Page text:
You might have an image in your mind of a winner.
Maybe an Olympic athlete crossing a winning line, or a successful business entrepreneur in front of her headquarters, or a celebrity on the red carpet. However, every one of these people will tell you the same thing – that these moments are not the moment of victory, these are not the moments that count, they’re simply the moments when someone was waiting with a camera.
Despite what the self-help gurus want you to believe, winning doesn’t happen because you wish for it, it happens because you work hard at losing. That sounds backwards, doesn’t it? Surely, winners work hard at winning, at being the best?
In fact, winners work hard at doing what they love, what they believe in. For every athlete who competes at the Olympics, hundreds don’t meet the grade. For every artist who sells a painting, thousands get no further than a few sketches on the train. And for every successful entrepreneur, there are tens of thousands of people who want to create their own business, but give up because they’re afraid that it won’t work.
Winners aren’t people who magically rise above these barriers and criticisms, they’re the people who have no other choice than to keep going, to keep pushing. While others give up, winners carry on. Eventually, their persistence is recognised by other people.
Look around you now. What things can you see that started as a crazy idea in one person’s mind? Trains that run underground? Horseless carriages driven by exploding gas? What have you seen today that made you think, “I wish I’d thought of that”. Well, here’s the sobering thought – you probably did think of it. You’ve had dozens of great ideas this week already. The difference is that you’ve done nothing about them. You’ve solved all of our political, economic and sporting challenges, you’ve mentally redesigned city centres to ease congestion, you’ve thought of new ways just to make your own life easier.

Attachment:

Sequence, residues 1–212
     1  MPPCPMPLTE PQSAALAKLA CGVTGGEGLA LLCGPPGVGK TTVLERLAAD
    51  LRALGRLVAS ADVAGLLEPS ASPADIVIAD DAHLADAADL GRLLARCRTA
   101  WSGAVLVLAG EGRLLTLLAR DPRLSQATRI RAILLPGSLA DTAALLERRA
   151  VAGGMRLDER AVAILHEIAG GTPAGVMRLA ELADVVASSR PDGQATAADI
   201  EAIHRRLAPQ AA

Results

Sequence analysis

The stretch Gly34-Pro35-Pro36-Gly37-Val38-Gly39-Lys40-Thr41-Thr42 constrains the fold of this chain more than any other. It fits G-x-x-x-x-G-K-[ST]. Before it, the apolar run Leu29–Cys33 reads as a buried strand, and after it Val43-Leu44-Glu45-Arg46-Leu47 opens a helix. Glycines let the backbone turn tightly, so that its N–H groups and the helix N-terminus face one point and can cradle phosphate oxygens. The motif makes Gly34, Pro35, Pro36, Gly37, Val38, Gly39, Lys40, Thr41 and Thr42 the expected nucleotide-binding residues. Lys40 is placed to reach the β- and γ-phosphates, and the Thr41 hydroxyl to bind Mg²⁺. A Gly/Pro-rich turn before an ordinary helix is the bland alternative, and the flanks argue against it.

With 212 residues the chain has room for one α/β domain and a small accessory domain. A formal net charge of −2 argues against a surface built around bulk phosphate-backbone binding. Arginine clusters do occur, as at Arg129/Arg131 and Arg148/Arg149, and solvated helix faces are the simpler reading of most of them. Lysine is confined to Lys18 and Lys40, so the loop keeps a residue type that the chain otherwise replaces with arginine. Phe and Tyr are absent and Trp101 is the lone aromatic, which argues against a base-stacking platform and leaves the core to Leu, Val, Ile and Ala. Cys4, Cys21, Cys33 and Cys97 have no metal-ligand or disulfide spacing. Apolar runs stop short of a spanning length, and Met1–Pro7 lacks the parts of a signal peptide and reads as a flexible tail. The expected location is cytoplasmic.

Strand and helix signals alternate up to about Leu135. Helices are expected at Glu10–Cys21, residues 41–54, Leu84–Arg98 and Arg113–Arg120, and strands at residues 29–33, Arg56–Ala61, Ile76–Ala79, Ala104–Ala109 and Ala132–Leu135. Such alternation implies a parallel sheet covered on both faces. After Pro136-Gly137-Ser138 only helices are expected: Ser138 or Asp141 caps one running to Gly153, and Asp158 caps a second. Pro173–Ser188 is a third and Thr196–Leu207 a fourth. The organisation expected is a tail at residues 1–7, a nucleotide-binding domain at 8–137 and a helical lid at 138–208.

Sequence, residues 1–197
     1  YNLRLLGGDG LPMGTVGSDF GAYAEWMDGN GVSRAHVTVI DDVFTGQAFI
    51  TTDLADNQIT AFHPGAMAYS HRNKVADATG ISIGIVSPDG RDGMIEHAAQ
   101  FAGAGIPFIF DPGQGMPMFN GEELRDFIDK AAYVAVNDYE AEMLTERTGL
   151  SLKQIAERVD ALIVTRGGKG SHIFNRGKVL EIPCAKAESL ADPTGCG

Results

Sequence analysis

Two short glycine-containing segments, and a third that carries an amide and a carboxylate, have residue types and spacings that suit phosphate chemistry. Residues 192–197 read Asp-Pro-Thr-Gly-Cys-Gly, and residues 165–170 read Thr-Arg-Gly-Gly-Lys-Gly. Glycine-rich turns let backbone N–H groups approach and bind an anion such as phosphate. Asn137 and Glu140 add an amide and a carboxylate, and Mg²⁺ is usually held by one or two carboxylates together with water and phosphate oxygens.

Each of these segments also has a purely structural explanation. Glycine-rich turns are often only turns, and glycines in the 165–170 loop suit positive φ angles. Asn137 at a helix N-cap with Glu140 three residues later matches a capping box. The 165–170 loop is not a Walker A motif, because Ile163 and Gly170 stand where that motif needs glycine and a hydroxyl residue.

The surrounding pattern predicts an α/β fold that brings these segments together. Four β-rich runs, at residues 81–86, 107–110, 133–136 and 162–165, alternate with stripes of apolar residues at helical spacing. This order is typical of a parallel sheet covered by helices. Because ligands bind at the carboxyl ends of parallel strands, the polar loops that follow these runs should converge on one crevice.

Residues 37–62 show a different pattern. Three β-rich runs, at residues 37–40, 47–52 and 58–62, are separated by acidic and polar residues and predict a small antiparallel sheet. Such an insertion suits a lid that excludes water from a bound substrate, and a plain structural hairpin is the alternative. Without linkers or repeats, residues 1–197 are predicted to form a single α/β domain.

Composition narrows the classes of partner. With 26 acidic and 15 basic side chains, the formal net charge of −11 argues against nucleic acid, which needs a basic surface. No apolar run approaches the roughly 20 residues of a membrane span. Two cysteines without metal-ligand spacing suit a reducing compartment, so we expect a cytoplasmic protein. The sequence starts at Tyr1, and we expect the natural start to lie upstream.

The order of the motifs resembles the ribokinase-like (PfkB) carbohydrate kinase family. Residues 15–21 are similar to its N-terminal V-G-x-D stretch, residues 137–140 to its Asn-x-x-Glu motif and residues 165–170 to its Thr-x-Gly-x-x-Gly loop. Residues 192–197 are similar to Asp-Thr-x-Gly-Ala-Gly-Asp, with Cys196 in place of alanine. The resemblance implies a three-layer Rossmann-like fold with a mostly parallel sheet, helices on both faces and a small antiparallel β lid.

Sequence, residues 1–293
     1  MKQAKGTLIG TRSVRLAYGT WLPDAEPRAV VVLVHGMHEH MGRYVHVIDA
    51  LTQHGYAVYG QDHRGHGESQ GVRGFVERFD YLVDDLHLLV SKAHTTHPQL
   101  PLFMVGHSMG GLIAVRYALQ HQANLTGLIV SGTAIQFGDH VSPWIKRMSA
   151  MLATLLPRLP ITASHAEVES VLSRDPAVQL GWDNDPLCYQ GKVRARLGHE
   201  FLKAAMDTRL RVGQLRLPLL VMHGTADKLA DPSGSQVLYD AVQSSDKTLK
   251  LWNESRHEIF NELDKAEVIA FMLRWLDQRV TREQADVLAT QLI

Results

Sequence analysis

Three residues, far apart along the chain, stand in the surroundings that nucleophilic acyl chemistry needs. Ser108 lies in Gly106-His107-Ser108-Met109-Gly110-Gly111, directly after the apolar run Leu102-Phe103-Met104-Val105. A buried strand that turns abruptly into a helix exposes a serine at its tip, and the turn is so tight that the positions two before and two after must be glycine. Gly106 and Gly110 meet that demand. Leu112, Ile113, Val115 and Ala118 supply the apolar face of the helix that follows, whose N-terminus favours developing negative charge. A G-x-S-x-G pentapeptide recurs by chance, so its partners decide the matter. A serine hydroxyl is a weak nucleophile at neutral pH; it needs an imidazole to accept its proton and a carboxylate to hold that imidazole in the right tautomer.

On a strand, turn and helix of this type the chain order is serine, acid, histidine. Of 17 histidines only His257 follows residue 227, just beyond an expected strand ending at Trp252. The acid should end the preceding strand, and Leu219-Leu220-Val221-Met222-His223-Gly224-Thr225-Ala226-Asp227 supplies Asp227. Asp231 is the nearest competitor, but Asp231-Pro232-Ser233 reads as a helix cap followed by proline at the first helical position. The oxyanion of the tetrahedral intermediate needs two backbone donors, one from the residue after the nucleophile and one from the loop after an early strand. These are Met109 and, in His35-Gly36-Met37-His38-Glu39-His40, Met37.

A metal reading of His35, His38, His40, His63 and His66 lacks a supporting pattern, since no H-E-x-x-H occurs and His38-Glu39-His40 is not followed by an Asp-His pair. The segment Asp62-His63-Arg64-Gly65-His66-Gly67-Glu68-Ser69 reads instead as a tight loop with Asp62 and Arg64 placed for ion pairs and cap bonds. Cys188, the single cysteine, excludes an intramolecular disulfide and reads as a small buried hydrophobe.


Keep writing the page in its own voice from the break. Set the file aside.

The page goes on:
What is it that makes you censor your own ideas and plans? Why do you dismiss your hopes and dreams? It’s because you’ve been led to believe that you’re not good enough. In the first few years of your life, you were compared, measured and judged. Only one person can be top of the class, and runners-up don’t get a medal. Did you get 90% in an exam, only to be asked why you couldn’t get 100%? You learned to accept second best, and you learned to accept failure. The winner learned that those comparisons are irrelevant. Those measures say nothing about you.
Once you realise that no-one is judging you any more, no-one is measuring you because you are unique and cannot be measured, you will see that you can actually do anything that you want.
Above all else, there is one big difference in the way that a winner thinks, an attitude that you can easily adopt for yourself, if you really want to.
A winner doesn’t realise that it’s possible to fail.
About the author
Paul Boross is author of new book Leader on the Pitch, co-authored with rugby legend Scott Quinnell.